environment, although the regional method is more
These results demonstrate that adding dynamic
motion models to MCL provides a benefit to
localization. Although slightly different dynamic
techniques provide different advantages, they are all
superior to the static technique. Aside from the tests
described above, several other data sets in different
environments were examined, with similar results.
One such test involved a similar robot in a different
building where the floor was carpeted instead of
concrete. The map of the environment incorporated
a serious error that caused localization to fail for
most techniques. One corridor was actually much
shorter than it appears in the map, causing motion
along part of that corridor to have a large bias.
Because of this, the range error in the dynamic
techniques actually increases, as they increase the
variance to handle the error. Only the regionally
dynamic technique was able to successfully localize
in this environment.
Table 2: Results of all algorithms for high error data.
% range error % angle error
Default static 7.2343% 5.9671%
Optimal static 8.6733% 1.3428%
Global dynamic 9.5313% 1.4835%
Regional dynamic 10.9178% 1.7166%
Figure 4: Environment used for the tests.
We have derived and implemented a technique for
dynamically calculating the parameters of the Monte
Carlo Localization motion model during ordinary
execution of the algorithm. Our technique requires
very little overhead and provides a strong benefit
over the ordinary technique of using a static model
determined experimentally from a similar robot. In
fact, the most common current technique is to
estimate the model and modify it using trial and
error until localization is successful. The problem is
that performing experiments to determine the
parameters is a difficult and laborious process.
Since the parameters of a real environment change
over time, it is usually not worthwhile to develop an
accurate model when an approximate one will still
allow MCL to function. Our dynamic motion model
technique provides a viable alternative to both these
methods, allowing an accurate model to be created
and maintained without requiring skilled user input.
Since the frequency and size of the updates can be
modified to suit the platform, there is no reason not
to use a dynamic model. Because MCL is running
properly when the dynamic algorithm is active, there
is no urgency in processing the error data into new
parameters. Thus the additional run time required
can be limited to what is available on the particular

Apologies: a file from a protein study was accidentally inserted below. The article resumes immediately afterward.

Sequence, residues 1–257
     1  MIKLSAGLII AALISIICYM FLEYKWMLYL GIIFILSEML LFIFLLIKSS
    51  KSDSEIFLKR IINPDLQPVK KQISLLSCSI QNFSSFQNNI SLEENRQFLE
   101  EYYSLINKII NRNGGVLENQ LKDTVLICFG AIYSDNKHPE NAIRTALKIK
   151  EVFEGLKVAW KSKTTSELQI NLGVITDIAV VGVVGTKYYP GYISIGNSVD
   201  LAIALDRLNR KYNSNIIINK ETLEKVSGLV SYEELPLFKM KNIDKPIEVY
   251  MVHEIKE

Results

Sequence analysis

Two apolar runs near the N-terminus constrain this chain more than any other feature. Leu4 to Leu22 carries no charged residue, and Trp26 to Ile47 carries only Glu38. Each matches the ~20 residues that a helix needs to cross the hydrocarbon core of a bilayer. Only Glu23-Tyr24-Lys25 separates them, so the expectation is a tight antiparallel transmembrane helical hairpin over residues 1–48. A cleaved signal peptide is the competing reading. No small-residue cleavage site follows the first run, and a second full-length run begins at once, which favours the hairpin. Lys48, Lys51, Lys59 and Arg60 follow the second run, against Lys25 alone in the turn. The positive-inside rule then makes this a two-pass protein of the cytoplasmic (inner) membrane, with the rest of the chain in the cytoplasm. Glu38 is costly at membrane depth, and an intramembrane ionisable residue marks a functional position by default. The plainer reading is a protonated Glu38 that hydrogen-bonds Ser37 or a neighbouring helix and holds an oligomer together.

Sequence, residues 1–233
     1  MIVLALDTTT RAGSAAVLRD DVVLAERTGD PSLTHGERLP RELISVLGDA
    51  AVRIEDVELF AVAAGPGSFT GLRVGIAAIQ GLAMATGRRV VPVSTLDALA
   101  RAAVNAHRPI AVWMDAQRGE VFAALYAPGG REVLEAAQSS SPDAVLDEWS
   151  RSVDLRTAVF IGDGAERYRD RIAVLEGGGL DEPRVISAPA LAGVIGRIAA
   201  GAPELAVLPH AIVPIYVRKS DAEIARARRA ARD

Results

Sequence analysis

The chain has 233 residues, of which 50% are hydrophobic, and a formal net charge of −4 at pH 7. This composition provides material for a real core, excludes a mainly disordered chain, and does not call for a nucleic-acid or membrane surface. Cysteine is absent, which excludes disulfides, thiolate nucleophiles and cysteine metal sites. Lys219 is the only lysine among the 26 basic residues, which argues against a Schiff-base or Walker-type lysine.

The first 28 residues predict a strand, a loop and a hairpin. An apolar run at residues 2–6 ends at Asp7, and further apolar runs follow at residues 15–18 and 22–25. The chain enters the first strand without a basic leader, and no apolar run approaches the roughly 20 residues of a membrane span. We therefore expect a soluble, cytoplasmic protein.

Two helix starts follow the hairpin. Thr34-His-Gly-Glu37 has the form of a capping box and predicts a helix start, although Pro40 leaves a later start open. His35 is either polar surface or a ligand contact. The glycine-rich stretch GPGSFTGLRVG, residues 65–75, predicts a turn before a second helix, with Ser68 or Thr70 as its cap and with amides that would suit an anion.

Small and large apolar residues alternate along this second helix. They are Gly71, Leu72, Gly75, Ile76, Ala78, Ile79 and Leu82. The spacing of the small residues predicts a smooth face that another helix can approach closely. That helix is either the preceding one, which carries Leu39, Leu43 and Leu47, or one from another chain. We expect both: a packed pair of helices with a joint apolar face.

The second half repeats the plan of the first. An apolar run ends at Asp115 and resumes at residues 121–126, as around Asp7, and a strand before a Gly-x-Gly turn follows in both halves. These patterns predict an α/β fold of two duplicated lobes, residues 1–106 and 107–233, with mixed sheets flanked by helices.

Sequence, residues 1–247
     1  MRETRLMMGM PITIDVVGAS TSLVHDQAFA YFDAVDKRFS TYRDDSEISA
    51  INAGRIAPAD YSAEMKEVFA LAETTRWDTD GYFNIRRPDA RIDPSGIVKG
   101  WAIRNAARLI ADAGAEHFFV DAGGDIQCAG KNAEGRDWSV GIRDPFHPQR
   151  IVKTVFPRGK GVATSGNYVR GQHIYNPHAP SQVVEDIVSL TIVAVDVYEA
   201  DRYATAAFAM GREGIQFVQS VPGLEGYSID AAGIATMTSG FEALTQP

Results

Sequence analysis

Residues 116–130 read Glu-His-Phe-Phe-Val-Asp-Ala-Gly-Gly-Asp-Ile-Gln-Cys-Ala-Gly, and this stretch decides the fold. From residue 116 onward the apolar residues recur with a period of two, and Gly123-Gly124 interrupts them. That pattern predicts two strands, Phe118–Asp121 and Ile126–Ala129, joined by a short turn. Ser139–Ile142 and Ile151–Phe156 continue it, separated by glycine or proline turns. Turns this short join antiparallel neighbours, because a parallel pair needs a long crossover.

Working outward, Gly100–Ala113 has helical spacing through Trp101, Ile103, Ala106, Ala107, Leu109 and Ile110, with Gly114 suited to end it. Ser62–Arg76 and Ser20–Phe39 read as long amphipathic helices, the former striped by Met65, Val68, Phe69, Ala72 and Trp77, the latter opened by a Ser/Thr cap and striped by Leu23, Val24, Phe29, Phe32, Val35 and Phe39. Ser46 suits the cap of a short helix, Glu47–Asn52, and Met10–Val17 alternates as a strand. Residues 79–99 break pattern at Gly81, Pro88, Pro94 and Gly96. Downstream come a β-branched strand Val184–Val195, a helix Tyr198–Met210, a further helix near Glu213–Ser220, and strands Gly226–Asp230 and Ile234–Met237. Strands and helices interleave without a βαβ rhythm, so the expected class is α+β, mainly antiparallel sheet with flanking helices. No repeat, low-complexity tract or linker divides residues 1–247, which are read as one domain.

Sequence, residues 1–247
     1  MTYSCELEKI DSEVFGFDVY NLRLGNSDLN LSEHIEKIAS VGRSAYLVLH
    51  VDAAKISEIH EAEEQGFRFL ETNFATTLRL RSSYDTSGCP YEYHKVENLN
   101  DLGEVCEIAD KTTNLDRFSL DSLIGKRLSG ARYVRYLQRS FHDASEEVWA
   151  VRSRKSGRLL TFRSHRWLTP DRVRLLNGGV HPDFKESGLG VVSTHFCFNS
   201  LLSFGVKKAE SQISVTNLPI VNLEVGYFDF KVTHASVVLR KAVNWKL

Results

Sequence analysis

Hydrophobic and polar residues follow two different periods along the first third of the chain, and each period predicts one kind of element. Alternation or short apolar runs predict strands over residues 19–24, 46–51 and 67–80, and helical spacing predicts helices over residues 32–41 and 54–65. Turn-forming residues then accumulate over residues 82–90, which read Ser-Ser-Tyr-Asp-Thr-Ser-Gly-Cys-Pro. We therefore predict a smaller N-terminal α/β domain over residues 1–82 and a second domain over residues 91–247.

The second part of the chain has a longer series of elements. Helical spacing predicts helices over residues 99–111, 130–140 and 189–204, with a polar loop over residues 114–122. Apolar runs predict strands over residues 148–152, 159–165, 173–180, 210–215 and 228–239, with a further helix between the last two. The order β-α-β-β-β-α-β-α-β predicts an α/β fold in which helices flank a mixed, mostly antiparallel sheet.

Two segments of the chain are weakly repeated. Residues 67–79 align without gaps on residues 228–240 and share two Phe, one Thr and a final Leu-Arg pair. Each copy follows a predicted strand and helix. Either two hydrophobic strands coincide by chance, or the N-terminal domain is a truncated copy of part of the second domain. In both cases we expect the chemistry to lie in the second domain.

platform. Allocating more time will result in more
frequent updates, but since the alternative is no
updates there is no reason not to use even the
slowest possible rate. In fact, very good results can
be obtained by using offline processing to determine
a new model whenever conditions change.
Although the offline method does not provide all the
benefits of our full regional dynamic algorithm, it
provides a great improvement over the default
Another benefit of having dynamic motion
models is that they can be used to automatically
optimize a robot to different conditions in the
environment. This may be an important feature for a
robot that runs autonomously between different
areas. It is impractical to perform laborious
experiments to determine an optimal model for
different regions, but a general model can be
automatically refined into specific models for many
different conditions.
By reducing the error due to the motion model
in MCL, our technique provides localization with
greater resilience to errors from other causes. The
more accurate the various models are, the more
tolerance MCL has towards random events that
might otherwise cause it to fail. In some
circumstances this may be a major benefit, but even
if ordinary MCL is successful in an environment, a
more accurate model cannot harm its execution.
Since dynamic motion model MCL provides an
annotated map which includes motion model
parameters, it may be possible to use those
parameters in order to determine information about
the environment. For example, by discovering the
parameters caused by various types of surface, the
robot might be able to identify those same surfaces if
it encountered them again. Also, the motion models
might be taken into account in path planning in order
to give the robot a preference for stable surfaces.
Finally, a robot might detect a change in its
parameters and use them to identify a malfunction,
such as deflated tires. These uses for dynamic
motion models would provide additional benefits to
the algorithm, above the improvements it makes to
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LOCALIZATION WITH DYNAMIC MOTION MODELS - Determining Motion Model Parameters Dynamically in
Monte Carlo Localization